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The Christian at Play by Robert K. Johnston


Robert K. Johnston, Ph.D., is Professor of Theology and Culture, Fuller Theological Seminary, Pasadena CA 91182. Prior to that he was Vice-President and Dean of North Park Theological Seminary in Chicago. This book was originally published by Wm. B. Eerdmans Publishing Company in 1983. Prepared for Religion Online by Rev. Herbert F. Lowe.


Introduction
Johnston explores current attitudes toward and descriptions of play, then looks at three representative theological positions in hope of clarifying the readerís understanding of the human player -- life-style, mission and opportunity.

Preface

Chapter One: Play: A Problem for the Contemporary Person
Americaís continued belief in a work-dominated value system has obscured its vision of lifeís possibilities. The experience and concept of play might provide the contemporary person with a way into these larger realities. What can Christian theology offer to help us out of our cultural and spiritual malaise?

Chapter Two: Play: A Matter of Definition
Play is where you realize the supreme importance and the utter insignificance of what you are doing. Play can open us to the gifts of Godís goodness.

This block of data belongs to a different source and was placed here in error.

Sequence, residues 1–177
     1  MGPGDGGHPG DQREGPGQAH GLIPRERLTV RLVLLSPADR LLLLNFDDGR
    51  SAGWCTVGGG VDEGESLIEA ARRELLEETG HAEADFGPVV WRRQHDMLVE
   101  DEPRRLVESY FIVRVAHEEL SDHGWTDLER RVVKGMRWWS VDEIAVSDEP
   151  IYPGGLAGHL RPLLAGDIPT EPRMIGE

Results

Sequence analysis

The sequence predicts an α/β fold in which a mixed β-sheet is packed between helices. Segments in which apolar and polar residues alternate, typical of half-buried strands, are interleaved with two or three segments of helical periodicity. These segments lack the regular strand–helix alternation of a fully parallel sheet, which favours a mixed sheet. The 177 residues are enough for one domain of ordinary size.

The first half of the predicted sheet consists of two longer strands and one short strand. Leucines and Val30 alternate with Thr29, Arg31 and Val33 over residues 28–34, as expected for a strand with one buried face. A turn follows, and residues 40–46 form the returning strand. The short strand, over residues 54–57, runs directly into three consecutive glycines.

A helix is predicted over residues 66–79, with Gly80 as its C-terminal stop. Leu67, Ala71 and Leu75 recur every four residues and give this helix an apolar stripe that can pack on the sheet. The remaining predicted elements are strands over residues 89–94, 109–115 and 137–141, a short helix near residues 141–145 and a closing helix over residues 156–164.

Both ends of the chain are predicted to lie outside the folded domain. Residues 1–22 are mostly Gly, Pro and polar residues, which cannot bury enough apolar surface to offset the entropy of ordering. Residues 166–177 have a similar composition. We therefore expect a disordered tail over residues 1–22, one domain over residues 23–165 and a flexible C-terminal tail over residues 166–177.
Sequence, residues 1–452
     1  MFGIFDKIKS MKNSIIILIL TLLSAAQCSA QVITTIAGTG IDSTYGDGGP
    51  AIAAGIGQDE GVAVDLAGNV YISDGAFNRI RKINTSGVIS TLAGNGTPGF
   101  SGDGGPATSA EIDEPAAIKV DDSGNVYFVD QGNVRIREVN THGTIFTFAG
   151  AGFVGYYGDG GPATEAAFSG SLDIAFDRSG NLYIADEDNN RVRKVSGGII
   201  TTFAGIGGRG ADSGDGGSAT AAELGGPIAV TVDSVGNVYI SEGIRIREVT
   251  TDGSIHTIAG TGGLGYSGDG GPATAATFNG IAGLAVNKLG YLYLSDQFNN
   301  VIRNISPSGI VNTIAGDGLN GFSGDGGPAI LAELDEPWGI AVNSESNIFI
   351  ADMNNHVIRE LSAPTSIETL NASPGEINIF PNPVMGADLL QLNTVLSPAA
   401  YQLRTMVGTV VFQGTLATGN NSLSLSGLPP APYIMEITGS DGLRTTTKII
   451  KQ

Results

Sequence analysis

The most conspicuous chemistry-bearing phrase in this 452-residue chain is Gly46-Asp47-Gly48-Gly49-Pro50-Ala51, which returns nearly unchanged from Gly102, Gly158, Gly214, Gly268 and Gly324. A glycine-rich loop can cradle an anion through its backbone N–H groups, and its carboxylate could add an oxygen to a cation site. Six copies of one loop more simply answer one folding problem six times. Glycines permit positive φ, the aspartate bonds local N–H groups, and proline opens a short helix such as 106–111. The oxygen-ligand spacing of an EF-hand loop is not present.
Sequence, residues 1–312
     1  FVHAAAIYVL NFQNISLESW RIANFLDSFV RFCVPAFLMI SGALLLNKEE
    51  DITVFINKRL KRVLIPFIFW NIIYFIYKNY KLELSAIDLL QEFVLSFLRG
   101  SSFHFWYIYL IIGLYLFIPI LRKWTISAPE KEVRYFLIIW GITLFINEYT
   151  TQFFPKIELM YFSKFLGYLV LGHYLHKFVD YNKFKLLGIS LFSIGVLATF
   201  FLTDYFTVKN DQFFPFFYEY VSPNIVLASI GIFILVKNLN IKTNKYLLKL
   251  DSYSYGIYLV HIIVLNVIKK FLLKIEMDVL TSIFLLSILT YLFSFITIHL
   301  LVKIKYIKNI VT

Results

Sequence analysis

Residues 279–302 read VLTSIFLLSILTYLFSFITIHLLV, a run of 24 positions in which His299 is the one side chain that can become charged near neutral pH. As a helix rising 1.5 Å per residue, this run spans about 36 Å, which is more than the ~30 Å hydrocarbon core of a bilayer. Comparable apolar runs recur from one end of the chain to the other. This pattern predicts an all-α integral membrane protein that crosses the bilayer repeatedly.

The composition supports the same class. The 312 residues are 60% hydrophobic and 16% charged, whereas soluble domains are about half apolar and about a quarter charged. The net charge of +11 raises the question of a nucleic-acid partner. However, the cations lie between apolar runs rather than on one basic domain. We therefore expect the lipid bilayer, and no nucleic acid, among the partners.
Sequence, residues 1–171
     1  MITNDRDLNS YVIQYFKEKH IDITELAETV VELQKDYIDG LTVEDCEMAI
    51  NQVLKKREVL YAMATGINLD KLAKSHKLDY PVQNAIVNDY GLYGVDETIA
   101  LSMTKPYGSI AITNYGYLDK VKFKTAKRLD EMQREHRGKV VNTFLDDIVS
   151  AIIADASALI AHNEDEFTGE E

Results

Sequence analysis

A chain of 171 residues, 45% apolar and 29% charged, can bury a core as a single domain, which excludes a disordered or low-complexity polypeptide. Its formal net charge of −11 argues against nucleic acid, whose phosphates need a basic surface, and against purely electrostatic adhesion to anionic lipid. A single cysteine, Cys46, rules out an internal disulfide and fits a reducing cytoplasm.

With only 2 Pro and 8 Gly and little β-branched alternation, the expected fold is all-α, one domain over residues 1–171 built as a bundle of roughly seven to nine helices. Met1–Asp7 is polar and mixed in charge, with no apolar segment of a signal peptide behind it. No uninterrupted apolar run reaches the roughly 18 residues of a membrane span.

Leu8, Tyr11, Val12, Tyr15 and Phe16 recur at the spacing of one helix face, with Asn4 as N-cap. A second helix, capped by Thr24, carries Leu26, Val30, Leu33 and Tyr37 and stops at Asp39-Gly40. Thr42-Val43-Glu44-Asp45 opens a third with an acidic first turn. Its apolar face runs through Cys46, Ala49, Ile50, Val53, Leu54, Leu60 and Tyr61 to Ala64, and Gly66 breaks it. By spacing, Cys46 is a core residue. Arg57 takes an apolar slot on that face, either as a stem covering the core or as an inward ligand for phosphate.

Chapter Three: Play: Three Theological Options
Play is not for the sake of anything else. It is part of that "area of freedom" which has its own justification, The writings of two theologians -- Sam Keen and Jürgen Moltmann examine play as a way to celebrate life or a way to change the world, both making play a means to an end. The thoughts of non-theologians -- Peter Berger and C. S. Lewis -- are better suited to fit into an adequate theological formulation which recognizes play as part of our God-intended humanity.

Chapter Four: Play: A Biblical Model
Christians have most often been content to allow Western culture to shape their understanding of the human at play. In contrast the author analyzes three models of a theology of play: Greek, Protestant, and Hebraic. He demonstrates that Scripture, (including Ecclesiastes, the Song of Songs, Proverbs, Hosea, and the gospel accounts of Jesusí friendships, for example) has much to say about play. As Christians we have failed to allow Scripture to speak to us authoritatively about our need to play.

Conclusion
Dietrich Bonhoeffer is an example of a Christian who balanced his work and play. He lived the God-intended rhythm which all Christians, if only they would be attentive, could hear Scripture proclaim.

Selected Bibliography On Play (and Work)

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